How pervasive and important was this cheap transportation? Factoid: Fish being caught off Norway were being shipped to China for processing and being shipped back to Norway for consumption. Just one example. Norway is a small, fairly socialist country with a high standard of living. Undoubtedly processing fish would be much more expensive in Norway than China. But the global cost—deemed externalities by economists—of this crazy supply chain were huge. 

And it’s just one tiny example.

The need to purchase a new faucet recently was a frustrating exercise. After several stops, I finally found one, and only one, not manufactured in China. It was a few bucks more expensive. 

Important?

We’re witnessing Russia weaponize energy against countries. How surprised will we be when China weaponizes, well, just about everything we buy? Inconceivable? Hardly.

The effects of globalization—political, economic, environmental, cultural—have been a mixed bag. Far from the rising tide that lifts all boats, it has been closer to a zero-sum game with few winners and many losers. 

It hasn’t produced the touted free trade in goods; tariffs, trade barriers and nationalistic purchase laws have abounded. While it may have marginally increased living standards in places multinational companies sited new factories, it decreased living standards in developed countries and fuelled a culture of fear, leaving workers reluctant to demand better wages and working conditions. It has globalized disease, led to the exploitation of workers, rewarded prisoner and child labour, shredded social safety nets and greatly increased the inequality of wealth worldwide.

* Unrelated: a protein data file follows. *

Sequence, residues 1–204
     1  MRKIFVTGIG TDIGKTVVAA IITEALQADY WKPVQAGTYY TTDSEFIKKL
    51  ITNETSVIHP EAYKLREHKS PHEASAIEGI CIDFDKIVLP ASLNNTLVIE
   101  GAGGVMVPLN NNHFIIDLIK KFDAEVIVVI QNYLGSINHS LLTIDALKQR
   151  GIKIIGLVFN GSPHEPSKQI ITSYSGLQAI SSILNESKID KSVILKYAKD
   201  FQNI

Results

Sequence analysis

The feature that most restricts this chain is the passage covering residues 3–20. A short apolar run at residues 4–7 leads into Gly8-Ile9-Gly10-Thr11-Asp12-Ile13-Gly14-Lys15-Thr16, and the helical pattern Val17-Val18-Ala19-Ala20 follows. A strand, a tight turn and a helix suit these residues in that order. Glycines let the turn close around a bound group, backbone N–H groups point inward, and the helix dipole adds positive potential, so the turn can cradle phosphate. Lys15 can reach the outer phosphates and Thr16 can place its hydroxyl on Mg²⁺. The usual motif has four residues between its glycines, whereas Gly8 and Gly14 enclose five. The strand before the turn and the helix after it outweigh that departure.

Which in no small way encouraged those nationalistic movements and, just this week, saw the Philippines elect yet another president named Marcos to replace the brutal regime of Rodrigo Duterte.

Globalization has not been our friend. But lingering belief in it is hard to shake. On Monday, an editorial in the Globe and Mail touted Canada as an oil superpower ready, if not quite able, to step up and fill some of the void left by Putin’s self-immolating decision to play brinksmanship with the EU. Their analysis—strong global demand for oil, pariah status for various suppliers—boiled down to the schoolyard taunt, “Somebody’s going to do it; might as well be us.”

The convoluted logic—especially in the face of our federal energy policy—is Canada should profit by the global demand and use the profits to turn the Canadian oil and gas industry into the world’s lowest-emitting producer. 

Dante nailed it: “Abandon hope all ye who enter here.”